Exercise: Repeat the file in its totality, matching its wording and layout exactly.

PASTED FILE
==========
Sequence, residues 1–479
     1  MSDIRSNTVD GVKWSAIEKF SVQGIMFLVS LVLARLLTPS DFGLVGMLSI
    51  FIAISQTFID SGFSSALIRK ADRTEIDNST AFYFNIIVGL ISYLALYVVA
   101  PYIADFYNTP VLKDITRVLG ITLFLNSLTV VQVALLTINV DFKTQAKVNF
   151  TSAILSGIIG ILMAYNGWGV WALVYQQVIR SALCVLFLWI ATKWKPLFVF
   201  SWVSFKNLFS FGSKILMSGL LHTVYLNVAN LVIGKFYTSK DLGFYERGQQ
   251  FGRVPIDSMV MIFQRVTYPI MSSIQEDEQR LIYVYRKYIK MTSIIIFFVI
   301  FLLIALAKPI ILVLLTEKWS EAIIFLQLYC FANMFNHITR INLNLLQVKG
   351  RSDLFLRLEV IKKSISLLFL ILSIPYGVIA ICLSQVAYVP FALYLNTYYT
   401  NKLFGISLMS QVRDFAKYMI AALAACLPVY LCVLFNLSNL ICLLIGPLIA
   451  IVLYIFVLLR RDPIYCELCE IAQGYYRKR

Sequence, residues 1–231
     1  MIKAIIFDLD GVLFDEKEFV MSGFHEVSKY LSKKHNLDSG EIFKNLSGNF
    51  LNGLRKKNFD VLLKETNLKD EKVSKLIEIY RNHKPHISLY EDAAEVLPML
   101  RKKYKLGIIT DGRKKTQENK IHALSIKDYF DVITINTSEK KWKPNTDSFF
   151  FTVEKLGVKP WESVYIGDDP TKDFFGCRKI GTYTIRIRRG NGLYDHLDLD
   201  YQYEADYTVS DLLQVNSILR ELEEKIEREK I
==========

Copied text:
Sequence, residues 1–479
     1  MSDIRSNTVD GVKWSAIEKF SVQGIMFLVS LVLARLLTPS DFGLVGMLSI
    51  FIAISQTFID SGFSSALIRK ADRTEIDNST AFYFNIIVGL ISYLALYVVA
   101  PYIADFYNTP VLKDITRVLG ITLFLNSLTV VQVALLTINV DFKTQAKVNF
   151  TSAILSGIIG ILMAYNGWGV WALVYQQVIR SALCVLFLWI ATKWKPLFVF
   201  SWVSFKNLFS FGSKILMSGL LHTVYLNVAN LVIGKFYTSK DLGFYERGQQ
   251  FGRVPIDSMV MIFQRVTYPI MSSIQEDEQR LIYVYRKYIK MTSIIIFFVI
   301  FLLIALAKPI ILVLLTEKWS EAIIFLQLYC FANMFNHITR INLNLLQVKG
   351  RSDLFLRLEV IKKSISLLFL ILSIPYGVIA ICLSQVAYVP FALYLNTYYT
   401  NKLFGISLMS QVRDFAKYMI AALAACLPVY LCVLFNLSNL ICLLIGPLIA
   451  IVLYIFVLLR RDPIYCELCE IAQGYYRKR

Sequence, residues 1–231
     1  MIKAIIFDLD GVLFDEKEFV MSGFHEVSKY LSKKHNLDSG EIFKNLSGNF
    51  LNGLRKKNFD VLLKETNLKD EKVSKLIEIY RNHKPHISLY EDAAEVLPML
   101  RKKYKLGIIT DGRKKTQENK IHALSIKDYF DVITINTSEK KWKPNTDSFF
   151  FTVEKLGVKP WESVYIGDDP TKDFFGCRKI GTYTIRIRRG NGLYDHLDLD
   201  YQYEADYTVS DLLQVNSILR ELEEKIEREK I